Secondly, the digital service also allows for a much faster user experience. The information that users provide allows the DVLA to offer advice on-screen to customers, displaying the possible next steps. For example, they can be advised whether or not they might be able to keep driving and be issued with a new shorter period licence, or told that they may need to stop driving. In fact, in 60% of cases, when the information is received by DVLA, they can make an immediate decision.
By reducing the initial processing time, the overall journey is quicker and the user gets the answer that matters to them sooner.
Finally, providing users with quicker responses and reassuring them throughout the online journey will help reduce the volume of calls made by people asking for a progress update from the DVLA. The service team estimates the volume of these types of calls about the Report a medical condition that affects your driving service will be reduced by 15% thanks to the online service.
Nobody is excluded from a service if they are not able, or prefer not to, use digital services. Drivers will continue to be able to notify the DVLA about a medical condition or renew a short-term medical driving licence through a paper based service. However, the digital service - in reducing the amount of manual processing, time and cost for each application - will allow staff at the DVLA to prioritise other duties.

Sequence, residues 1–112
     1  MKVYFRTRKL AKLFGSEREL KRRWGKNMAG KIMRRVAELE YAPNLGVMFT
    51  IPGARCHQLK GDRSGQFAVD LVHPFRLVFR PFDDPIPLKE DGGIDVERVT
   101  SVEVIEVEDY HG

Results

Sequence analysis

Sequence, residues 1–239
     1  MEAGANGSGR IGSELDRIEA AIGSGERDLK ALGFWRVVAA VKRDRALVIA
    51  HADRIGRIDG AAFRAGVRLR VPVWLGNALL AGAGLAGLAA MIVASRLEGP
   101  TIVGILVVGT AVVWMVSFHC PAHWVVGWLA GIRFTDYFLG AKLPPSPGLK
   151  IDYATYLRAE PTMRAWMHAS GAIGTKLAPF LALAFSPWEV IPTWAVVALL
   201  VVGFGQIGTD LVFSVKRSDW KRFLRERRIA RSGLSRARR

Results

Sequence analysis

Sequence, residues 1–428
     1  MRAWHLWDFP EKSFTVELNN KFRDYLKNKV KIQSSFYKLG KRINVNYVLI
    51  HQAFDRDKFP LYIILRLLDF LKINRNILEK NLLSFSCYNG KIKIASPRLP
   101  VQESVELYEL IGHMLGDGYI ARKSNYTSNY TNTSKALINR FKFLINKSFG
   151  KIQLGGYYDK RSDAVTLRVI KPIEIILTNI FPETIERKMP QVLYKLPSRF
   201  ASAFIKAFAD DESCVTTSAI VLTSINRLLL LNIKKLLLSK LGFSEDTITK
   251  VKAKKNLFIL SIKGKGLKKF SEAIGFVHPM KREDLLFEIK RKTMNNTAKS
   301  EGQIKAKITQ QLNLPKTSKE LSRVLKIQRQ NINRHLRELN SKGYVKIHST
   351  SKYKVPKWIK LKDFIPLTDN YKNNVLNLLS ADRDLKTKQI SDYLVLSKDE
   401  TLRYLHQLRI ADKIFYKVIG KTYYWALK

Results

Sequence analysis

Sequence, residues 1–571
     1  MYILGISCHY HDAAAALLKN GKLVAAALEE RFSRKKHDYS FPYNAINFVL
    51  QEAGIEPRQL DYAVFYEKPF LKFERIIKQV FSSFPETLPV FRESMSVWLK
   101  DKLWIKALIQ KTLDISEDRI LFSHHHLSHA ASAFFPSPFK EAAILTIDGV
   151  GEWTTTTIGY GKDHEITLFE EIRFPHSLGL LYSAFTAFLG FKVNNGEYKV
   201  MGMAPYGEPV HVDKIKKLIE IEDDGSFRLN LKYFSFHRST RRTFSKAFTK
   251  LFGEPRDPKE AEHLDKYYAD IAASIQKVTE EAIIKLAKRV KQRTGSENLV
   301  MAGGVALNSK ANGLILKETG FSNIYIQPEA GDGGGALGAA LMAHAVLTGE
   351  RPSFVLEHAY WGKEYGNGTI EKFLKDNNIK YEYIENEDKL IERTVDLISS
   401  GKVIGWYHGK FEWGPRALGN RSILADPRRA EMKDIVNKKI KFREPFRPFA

Now that the DVLA’s Report a medical condition that affects your driving service is in public beta, the department will be continuing to iterate and improve the service’s digital offering, working alongside the GOV.UK Verify team to improve adoption.
With GOV.UK Verify connected to Report a medical condition that affects your driving, the DVLA can be sure be sure applicants are who they say there are and can therefore respond to them quickly. The plan is to bring all conditions that drivers are required to notify them about online as part of the service over the next year.
You can read more about the DVLA's design of this service over on the Inside DVLA blog. You can also get in touch with the team to discuss the agency's new approach to online medical licensing by email.